What is an Immunomodulator?

Immunity is a vital component of the interface between the individual & their world, and an expression of homeostasis & relationship between our bodily health, emotional well-being, and mental vision & perspective.

Although some herbs can indeed stimulate immune responses, most can be best described as immune modulatorsin that they facilitate greater immune system flexibility in the body’s natural response to disease. It’s best to use caution when prescribing herbs strictly as immune stimulants (eg. “natural antibiotics” – just kill the bug!) if we are to practice herbal medicine holistically.

Immune stimulants lead to a non-specific stimulation of our immunological defences. They generally do not effect our immune memory cells, and because their pharmacological effects fade relatively quickly, they must be administered at regular intervals or continuously. These herbs are more akin to conventional drug therapies for infections, and are valuable options when wanting to boost the body’s innate immune mechanisms in immunocompromised patients and in autoimmune disease.

Immune modulation denotes any effect a herb will have on immune system responsiveness. For example, these herbs may stimulate T-supressor cells (thereby reduce immune resistance), and stimulate macrophages and natural killer cells. Others will enhance the production of antibodies within acting as antigens themselves. Immunomodulators have potential contributions to the treatment of malignancies as they play a central role in supporting those cells involved in our immunological defences.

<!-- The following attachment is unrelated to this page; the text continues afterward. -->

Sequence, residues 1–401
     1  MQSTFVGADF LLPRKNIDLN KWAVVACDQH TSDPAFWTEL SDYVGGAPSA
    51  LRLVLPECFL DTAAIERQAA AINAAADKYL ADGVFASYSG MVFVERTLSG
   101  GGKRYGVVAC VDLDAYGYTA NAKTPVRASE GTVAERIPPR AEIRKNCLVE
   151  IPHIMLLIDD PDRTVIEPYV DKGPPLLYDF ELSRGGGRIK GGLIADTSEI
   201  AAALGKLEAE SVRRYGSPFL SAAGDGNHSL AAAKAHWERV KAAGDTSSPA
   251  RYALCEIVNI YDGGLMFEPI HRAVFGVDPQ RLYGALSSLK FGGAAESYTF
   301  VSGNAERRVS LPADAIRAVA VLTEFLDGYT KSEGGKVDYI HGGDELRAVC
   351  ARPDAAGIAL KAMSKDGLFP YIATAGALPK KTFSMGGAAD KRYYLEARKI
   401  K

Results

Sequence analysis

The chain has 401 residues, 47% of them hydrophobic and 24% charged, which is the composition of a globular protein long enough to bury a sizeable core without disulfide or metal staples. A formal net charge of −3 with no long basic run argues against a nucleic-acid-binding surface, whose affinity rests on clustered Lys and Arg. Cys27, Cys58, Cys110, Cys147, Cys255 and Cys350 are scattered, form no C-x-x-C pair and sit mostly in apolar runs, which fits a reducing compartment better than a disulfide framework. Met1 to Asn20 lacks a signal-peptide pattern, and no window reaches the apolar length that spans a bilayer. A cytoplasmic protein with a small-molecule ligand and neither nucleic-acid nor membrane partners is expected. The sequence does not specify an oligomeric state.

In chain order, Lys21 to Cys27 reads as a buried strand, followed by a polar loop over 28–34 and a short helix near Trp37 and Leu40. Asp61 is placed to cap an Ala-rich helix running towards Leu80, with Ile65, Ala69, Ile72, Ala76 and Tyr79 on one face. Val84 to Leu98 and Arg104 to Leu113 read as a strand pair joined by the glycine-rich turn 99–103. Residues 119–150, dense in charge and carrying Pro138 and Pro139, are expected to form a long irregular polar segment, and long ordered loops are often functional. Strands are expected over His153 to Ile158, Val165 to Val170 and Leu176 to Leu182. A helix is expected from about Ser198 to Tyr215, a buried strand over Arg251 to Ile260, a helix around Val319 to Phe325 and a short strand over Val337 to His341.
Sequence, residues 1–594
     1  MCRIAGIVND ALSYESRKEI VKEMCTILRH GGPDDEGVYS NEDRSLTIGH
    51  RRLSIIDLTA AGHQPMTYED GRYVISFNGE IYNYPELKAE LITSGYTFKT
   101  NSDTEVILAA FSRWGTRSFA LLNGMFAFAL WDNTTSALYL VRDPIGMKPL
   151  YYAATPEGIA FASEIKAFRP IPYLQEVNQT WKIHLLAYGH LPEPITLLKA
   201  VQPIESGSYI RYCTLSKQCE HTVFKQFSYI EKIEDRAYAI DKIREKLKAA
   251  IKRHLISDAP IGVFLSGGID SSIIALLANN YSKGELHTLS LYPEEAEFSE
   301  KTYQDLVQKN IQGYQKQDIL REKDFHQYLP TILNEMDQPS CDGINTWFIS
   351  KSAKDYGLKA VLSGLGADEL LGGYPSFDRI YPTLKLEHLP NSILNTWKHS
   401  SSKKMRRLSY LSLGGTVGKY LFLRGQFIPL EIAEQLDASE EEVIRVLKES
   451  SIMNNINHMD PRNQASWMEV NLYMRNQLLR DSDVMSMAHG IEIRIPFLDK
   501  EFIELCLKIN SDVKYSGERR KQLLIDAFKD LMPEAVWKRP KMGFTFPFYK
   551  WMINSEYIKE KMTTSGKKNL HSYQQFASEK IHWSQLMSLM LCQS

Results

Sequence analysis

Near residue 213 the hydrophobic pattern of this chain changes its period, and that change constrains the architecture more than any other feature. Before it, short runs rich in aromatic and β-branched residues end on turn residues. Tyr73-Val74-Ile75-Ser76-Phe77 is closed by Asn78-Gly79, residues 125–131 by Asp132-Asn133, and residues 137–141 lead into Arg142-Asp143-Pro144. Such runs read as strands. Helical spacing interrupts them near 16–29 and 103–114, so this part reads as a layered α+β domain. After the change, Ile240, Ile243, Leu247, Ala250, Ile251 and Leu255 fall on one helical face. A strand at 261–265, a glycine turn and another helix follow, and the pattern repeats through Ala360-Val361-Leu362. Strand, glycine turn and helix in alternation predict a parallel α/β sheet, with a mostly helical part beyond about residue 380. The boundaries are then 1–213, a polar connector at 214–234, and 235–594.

How Immunomodulators Work

1. Deep Immune Activation

Herbs in this group are also referred to as Deep Immune Tonics or Immune Modulators. The pharmacology of these herbs tends to point to saponins and polysaccharides as key contributors to their function. They are used where there is a chronic problem or where the immune system needs feeding and strengthening, and usually used in combination with other body system tonic herbs where a weakness has been identified. Some herbal examples include:

  • Astragalus membranaceus (Astragalus)
  • Codonopsis tangshen (Codonopsis)
  • Ganoderma lucidum (Reishi mushroom)
  • Lentinus edodes (Shitake mushroom)
  • Trametes versicolor (Turkey tail)
  • Ligustrum lucidum (Privet)
  • Schisandra chinensis (Schizandra)


2. Surface Immune Activation

These are many plants perhaps more well known as Antimicrobials, or “immune-boosters” that often act directly on a bacteria or virus, while also stimulating the function of the immune system as a whole. Active pharmacological compounds are many and complex, however Volatile oils are common. Some herbal examples include:

  • Allium sativum (Garlic)
  • Baptisia tinctoria (Wild Indigo)
  • Echinacea sp. (Echinacea)
  • Thuja occidentalis (Thuja)
  • Usnea sp. (Old Man’s Beard)


3. Adaptogenic action or Hormonal Modulation

Herbs in this group work through some hormonal modulation of the immune response. The field of Psychoneuroimmunology describes the numerous endocrine functions that can be effected by stress, our mental/emotional health, and it is largely at this levels the herbs demonstrate their actions. For example, adaptogens exert their effects through saponins (steroidal & triperpendoi) via the adrenal glands which is foundational component of healthy immune status. Herbal examples include:

  • Eleutherococcus senticosus (Siberian ginseng)
  • Panax ginseng (Chinese/Korean Ginseng)
  • Glycyrrhiza glabra (Licorice)